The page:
The typical use of a Web search engine is often incremental in the fashion described above. This may be in part because today Web search engines are very fast; a typical query returns results within a fraction of a second. This makes natural a strategy that relies on “testing the water” with general queries followed by rapidly narrowing the results with reformulation. It is well-known from search engine query logs that a large proportion of search sessions contain query reformulations (Jansen et al., 2005, Jansen et al., 2007a). It is furthermore known that searchers tend to look at only the top-ranked retrieved results (Joachims et al., 2005, Granka et al., 2004). This suggests that the orienteering strategy is a common one for web search: users issue general queries, get information about the results, reformulate based on information seen in the results, and then navigate to promising-looking links or else give up.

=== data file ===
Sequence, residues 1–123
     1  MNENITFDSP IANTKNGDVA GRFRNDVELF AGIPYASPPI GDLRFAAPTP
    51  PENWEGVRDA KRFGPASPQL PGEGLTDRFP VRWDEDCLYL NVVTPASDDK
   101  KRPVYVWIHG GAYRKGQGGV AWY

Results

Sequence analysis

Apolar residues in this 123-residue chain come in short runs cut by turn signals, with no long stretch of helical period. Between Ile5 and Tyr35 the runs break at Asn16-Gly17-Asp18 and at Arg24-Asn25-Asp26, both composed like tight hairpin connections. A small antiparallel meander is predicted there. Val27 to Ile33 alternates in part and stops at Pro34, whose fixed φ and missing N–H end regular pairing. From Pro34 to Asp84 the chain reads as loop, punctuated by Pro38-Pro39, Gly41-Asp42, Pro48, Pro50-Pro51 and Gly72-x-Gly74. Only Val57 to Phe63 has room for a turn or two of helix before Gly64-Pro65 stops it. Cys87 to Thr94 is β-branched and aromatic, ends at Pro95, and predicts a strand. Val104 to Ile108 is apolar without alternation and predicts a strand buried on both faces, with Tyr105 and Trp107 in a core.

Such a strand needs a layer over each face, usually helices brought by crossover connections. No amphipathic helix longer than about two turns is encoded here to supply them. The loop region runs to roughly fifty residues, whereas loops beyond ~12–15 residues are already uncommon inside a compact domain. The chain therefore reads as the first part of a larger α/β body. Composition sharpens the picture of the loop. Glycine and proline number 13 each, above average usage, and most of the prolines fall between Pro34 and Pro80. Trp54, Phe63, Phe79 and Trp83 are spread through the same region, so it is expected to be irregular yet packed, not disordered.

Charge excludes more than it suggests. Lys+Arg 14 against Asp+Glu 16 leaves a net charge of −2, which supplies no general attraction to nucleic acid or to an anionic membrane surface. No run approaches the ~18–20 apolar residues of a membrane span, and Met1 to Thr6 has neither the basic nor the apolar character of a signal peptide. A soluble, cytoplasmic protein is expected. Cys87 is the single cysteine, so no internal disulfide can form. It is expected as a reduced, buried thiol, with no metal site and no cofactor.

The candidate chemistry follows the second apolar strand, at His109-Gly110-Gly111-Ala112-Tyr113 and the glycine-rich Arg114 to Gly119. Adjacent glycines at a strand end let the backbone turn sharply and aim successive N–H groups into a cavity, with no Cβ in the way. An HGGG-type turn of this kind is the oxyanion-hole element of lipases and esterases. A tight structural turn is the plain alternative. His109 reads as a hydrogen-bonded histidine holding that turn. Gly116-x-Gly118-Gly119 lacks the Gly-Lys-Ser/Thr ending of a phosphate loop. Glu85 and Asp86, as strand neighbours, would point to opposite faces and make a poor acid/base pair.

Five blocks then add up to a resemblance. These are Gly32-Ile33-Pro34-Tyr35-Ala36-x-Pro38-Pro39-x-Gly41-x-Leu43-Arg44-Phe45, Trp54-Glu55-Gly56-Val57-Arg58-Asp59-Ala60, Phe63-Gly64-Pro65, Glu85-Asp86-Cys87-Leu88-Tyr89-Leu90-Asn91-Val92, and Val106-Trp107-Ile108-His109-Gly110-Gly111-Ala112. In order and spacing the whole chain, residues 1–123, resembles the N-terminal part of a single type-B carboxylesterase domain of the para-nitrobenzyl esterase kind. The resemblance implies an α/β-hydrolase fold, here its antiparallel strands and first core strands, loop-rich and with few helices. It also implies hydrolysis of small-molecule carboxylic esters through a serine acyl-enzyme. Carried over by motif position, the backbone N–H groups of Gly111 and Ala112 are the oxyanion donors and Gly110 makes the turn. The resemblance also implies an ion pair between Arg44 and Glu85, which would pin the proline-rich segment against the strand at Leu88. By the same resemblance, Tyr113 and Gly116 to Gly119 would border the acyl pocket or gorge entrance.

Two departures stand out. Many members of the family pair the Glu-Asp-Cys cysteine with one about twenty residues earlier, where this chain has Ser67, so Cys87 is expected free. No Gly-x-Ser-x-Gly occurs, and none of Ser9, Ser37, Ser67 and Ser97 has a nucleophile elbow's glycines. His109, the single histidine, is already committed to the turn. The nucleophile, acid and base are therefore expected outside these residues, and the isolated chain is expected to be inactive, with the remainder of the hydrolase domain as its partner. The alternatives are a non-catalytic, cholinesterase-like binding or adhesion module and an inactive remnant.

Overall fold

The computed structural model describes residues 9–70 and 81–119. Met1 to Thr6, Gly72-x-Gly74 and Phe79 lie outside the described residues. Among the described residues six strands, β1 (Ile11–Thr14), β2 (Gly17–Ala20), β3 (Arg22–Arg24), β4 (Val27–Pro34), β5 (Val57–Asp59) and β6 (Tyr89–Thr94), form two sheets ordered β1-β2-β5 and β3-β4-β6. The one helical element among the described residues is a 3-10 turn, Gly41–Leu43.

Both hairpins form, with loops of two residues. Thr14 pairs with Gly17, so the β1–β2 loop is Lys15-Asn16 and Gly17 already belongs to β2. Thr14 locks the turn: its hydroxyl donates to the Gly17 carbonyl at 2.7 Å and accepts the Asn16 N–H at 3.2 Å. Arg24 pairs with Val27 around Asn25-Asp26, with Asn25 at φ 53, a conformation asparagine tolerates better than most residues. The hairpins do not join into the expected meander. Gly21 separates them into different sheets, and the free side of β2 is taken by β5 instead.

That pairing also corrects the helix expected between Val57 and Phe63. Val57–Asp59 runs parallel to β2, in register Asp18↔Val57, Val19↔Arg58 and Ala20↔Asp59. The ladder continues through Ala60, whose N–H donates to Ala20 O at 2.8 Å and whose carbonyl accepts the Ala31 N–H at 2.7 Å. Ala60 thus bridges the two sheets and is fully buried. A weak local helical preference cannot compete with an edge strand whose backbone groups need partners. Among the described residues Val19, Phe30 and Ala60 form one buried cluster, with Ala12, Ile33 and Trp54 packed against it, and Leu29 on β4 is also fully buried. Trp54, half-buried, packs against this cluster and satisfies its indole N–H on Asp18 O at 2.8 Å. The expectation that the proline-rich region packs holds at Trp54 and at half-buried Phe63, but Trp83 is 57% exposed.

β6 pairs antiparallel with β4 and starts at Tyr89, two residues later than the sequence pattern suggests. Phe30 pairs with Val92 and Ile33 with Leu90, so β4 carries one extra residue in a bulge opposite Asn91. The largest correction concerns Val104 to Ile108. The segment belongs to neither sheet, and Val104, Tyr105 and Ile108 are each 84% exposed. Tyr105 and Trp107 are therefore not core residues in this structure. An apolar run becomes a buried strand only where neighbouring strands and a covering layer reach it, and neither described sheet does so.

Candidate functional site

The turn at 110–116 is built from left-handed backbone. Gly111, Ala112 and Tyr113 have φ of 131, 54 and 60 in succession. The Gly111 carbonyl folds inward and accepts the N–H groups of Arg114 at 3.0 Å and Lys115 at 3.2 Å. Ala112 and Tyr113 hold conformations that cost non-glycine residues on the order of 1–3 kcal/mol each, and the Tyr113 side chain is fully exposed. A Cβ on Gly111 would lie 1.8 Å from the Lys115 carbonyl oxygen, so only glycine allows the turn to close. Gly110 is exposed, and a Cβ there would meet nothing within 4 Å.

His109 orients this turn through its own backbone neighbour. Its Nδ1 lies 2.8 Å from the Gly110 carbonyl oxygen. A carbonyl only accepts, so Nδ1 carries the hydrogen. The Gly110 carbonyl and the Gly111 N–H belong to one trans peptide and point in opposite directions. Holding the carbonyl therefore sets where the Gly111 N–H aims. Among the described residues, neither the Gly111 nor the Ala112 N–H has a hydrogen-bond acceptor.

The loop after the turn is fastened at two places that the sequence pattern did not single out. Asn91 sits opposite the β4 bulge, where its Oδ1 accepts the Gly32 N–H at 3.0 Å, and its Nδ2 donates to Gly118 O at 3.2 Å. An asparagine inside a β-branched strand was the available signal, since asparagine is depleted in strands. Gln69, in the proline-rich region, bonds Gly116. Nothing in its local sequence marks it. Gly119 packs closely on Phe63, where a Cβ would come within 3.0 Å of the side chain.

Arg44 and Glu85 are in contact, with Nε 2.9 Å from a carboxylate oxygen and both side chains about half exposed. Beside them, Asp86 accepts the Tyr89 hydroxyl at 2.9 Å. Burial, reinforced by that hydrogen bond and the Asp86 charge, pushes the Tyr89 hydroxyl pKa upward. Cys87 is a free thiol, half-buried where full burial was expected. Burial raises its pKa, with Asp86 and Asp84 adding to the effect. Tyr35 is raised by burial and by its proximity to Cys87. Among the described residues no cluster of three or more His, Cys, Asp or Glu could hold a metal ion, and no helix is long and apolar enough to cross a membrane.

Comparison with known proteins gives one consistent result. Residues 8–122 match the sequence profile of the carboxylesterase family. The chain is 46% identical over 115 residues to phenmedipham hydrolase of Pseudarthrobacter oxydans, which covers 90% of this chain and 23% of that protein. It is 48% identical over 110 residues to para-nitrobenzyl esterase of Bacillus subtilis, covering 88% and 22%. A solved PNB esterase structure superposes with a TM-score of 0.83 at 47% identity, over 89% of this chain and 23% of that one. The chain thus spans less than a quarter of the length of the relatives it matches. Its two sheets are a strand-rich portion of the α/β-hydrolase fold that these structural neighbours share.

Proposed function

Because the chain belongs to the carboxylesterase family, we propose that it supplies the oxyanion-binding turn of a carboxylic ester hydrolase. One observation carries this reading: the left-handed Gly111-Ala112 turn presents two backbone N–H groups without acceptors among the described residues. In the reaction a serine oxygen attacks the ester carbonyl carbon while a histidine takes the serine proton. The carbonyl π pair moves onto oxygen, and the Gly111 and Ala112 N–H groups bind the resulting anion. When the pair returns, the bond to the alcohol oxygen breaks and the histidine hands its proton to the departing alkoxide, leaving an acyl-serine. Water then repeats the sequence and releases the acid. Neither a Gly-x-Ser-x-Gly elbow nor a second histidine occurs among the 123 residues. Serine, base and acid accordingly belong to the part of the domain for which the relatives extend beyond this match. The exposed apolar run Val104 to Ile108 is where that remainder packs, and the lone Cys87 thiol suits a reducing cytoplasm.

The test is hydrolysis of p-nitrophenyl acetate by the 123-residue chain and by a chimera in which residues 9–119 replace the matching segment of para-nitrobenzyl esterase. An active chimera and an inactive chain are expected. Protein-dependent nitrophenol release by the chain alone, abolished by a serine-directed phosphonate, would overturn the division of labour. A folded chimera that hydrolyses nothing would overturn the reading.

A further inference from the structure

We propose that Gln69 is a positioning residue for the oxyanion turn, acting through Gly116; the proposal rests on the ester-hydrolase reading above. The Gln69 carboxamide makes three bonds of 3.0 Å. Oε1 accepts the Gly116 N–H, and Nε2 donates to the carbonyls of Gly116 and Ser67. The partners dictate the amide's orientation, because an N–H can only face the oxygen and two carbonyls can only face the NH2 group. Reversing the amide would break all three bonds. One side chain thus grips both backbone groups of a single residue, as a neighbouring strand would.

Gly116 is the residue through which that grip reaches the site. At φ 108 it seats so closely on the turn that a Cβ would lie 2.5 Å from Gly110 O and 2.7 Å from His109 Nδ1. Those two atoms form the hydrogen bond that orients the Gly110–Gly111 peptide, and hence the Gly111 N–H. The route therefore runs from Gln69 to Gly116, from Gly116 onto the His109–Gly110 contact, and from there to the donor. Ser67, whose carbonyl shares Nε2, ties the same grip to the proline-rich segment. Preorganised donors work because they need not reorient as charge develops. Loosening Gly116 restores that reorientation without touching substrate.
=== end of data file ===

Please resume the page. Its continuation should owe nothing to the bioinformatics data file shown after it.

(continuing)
Some of today's Web search engines support longer queries well, and there is evidence that expert searchers tend to issue longer queries. If this trend continues, and/or if Web search engines begin to support full natural language queries reliably, searchers may begin to use more teleporting in their queries.

3.6: Sensemaking: Search as Part of a Larger Process

It is convenient to divide the entire information access process into two main components: information retrieval through searching and browsing, and analysis and synthesis of results. This broader process is often referred to in the literature as sensemaking (Russell et al., 1993, Russell et al., 2006, Pirolli and Card, 2005). Sensemaking refers to an iterative process of formulating a conceptual representation from of a large volume of information. Search plays only one part in this process; some sensemaking activities involve search throughout, while others consist of doing a batch of search followed by a batch of analysis and synthesis. Sensemaking is most often applied to information-intensive tasks such as intelligence analysis, scientific research, and the legal discovery process.